The laws target outlaw bikies and
aim to stop convicted criminals associating with each other.
consorting laws aimed at stopping convicted criminals associating
with each other are back in the spotlight, with newly released
figures showing 336 consorting warnings have been issued by North
Coast police since the laws were introduced.
Coffs-Clarence Police issued 16 consorting warnings to outlaw
motorcycle gang (OMCG) members but laid no charges between April
2012 and September 2015.
Police issued 86 warnings and no charges, while Richmond Police
issued 234 warnings, also with no charges laid.
released under a NSW Greens freedom of information request, show a
total of 8556 warnings were issued to 2412 people statewide, with 54
issue consorting warnings to anyone, regardless of whether they have
committed a crime, prohibiting them from interacting with a person
who has been convicted of a crime.
The laws were
established to target OMCGs and were upheld following a High Court
challenge initiated by Nomads bikies in 2014.
David Shoebridge is an outspoken critic of the laws, and said they
are being unfairly used to target people with no criminal links.
people on the North Coast are going to be subjected to restrictions
on their civil liberties - who they meet with, email and talk to -
because of a purported crime fear that arose in outer Western
Sydney," Mr Shoebridge said.
originally passed by parliament because police said they needed to
deal with outlaw motorcycle gangs.
"Now it is
being used across the board.
makes it a crime - not to harm somebody or steal their property -
but to meet with someone the police don't want you to meet with."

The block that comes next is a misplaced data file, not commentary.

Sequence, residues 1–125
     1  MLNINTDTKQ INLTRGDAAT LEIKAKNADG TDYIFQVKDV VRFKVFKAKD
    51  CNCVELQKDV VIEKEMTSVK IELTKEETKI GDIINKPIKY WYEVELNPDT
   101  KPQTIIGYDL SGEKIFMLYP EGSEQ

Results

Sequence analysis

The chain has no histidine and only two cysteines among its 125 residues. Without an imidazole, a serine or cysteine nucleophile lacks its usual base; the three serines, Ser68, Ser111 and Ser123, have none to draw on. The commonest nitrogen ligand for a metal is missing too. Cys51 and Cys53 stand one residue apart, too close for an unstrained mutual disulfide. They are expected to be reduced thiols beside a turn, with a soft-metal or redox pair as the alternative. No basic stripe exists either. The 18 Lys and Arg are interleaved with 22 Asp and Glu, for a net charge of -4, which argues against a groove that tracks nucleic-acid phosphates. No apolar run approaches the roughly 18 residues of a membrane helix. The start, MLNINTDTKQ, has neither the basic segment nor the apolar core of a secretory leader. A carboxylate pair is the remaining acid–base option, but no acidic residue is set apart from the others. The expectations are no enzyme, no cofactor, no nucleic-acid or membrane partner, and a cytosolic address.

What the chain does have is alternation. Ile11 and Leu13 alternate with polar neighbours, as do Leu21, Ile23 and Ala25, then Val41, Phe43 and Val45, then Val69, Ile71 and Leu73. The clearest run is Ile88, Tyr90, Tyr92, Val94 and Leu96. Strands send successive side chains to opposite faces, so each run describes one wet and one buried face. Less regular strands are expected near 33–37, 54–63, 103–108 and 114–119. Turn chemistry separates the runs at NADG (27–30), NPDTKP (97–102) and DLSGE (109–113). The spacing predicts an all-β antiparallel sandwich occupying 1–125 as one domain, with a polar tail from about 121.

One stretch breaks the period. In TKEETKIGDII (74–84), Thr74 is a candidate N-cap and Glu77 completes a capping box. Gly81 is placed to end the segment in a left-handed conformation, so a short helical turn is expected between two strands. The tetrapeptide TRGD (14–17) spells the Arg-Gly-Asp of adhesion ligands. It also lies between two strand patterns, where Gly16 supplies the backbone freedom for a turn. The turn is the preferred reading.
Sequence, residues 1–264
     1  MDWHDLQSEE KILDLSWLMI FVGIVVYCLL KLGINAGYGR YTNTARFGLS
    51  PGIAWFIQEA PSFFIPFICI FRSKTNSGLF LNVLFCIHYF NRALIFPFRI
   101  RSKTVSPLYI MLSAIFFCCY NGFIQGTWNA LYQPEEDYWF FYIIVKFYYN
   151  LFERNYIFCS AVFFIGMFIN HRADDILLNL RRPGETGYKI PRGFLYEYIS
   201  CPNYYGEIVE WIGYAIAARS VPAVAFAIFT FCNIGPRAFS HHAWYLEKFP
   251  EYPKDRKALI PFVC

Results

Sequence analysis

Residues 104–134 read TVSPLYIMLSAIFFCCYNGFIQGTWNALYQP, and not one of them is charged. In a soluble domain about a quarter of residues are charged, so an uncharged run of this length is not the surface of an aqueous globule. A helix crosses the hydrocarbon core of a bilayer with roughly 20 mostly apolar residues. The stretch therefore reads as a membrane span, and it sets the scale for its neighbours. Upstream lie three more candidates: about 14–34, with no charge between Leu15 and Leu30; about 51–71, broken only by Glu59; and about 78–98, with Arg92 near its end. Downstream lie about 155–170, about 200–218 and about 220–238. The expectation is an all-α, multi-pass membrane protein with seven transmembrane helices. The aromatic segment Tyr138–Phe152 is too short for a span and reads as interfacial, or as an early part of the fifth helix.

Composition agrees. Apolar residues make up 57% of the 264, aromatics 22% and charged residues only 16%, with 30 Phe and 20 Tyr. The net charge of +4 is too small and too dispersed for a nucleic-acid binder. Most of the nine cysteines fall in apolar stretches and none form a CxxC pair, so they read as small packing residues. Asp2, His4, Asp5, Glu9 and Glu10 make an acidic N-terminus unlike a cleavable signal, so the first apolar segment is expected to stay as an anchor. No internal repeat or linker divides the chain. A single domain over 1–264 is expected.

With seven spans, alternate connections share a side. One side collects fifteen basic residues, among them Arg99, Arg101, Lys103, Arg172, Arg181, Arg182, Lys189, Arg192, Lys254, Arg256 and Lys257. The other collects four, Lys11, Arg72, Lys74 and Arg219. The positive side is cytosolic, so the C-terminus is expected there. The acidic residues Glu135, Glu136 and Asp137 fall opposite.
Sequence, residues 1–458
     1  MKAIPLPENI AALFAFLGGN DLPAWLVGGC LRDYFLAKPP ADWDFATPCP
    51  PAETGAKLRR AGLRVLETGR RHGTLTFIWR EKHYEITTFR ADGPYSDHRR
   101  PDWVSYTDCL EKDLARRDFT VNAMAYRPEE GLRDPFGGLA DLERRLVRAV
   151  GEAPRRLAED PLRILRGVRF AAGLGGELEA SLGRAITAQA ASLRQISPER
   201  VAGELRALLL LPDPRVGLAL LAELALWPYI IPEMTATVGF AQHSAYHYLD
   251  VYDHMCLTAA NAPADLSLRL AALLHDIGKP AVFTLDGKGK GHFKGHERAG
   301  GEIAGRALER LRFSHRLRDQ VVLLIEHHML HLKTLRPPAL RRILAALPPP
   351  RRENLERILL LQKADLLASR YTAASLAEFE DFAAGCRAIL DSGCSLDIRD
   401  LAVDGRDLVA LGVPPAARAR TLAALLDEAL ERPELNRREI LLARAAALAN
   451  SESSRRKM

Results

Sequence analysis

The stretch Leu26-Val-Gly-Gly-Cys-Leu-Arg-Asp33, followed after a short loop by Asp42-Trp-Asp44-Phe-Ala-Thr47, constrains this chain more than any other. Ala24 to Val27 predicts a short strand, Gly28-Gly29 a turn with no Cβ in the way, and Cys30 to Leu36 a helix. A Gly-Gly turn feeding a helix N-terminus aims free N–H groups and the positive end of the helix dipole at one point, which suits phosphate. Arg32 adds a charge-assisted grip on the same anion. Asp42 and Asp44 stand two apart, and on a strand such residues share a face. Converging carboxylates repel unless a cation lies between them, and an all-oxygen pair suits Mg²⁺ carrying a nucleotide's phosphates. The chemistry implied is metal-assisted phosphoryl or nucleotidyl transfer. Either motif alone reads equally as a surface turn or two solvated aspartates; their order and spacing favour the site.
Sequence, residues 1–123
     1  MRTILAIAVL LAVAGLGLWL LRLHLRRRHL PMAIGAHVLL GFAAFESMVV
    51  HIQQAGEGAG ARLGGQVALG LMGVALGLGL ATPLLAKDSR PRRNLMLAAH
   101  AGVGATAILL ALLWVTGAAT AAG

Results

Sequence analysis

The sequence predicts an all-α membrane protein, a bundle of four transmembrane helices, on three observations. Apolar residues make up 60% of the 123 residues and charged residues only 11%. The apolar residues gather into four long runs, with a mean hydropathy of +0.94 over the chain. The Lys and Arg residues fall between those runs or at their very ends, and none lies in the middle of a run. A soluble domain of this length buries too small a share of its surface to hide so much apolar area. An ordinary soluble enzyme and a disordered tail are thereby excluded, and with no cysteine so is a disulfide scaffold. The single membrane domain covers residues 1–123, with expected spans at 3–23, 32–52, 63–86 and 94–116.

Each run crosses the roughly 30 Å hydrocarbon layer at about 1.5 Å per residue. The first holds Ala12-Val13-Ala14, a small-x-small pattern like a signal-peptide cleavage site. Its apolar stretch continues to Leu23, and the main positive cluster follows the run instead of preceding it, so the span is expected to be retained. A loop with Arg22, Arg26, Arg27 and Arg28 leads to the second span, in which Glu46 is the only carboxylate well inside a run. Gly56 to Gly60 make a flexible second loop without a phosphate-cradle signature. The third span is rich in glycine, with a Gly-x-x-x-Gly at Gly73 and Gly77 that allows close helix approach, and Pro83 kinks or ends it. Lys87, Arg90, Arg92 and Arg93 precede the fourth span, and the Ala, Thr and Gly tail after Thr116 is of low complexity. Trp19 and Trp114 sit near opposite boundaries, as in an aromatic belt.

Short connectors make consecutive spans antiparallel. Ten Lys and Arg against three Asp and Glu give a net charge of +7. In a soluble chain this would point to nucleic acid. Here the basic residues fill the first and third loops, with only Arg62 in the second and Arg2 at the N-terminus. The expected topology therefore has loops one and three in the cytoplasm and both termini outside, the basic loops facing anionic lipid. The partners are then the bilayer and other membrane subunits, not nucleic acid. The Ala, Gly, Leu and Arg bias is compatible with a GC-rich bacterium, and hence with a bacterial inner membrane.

Coffs-Clarence Police conducting
checks on Mongols bikies travelling on the Pacific Hwy through
Coffs Harbour in April.
Crime Command's Gangs Squad commander, Detective Inspector Deb
Wallace, said the laws are an important tool to assist police in
aimed at convicted criminals and those who associate with them," Det
Insp Wallace said.
important to note that anyone who is charged with consorting has
already been formally warned by police on at least two occasions."
five recognised OMCGs operating in the Coffs-Clarence region,
including the Nomads, Rebels and Lone Wolf in Coffs Harbour, a
merged group of Mongols and Finks in Woolgoolga and the Gladiators
Coffs-Clarence Local Area Command crime manager, Detective Inspector
Darren Jameson, said police have zero tolerance for OMCG behaviour
in the community.
"Traditionally, OMCGs are involved in organised crime, prostitution,
fraud, standovers and significant drug supply," Det Insp Jameson
clubhouses here - the Rebels and Nomads - have already been closed
as a result of strong policing.
remains strongly on OMCGs - many here now have reduced numbers and
aren't as strong.
engage in mass vehicle stops for OMCG members coming into the
Coffs-Clarence area and utilise these to issue consorting warnings.
"We will use
every tactic available to us to disrupt and dismantle OMCG networks
in our community."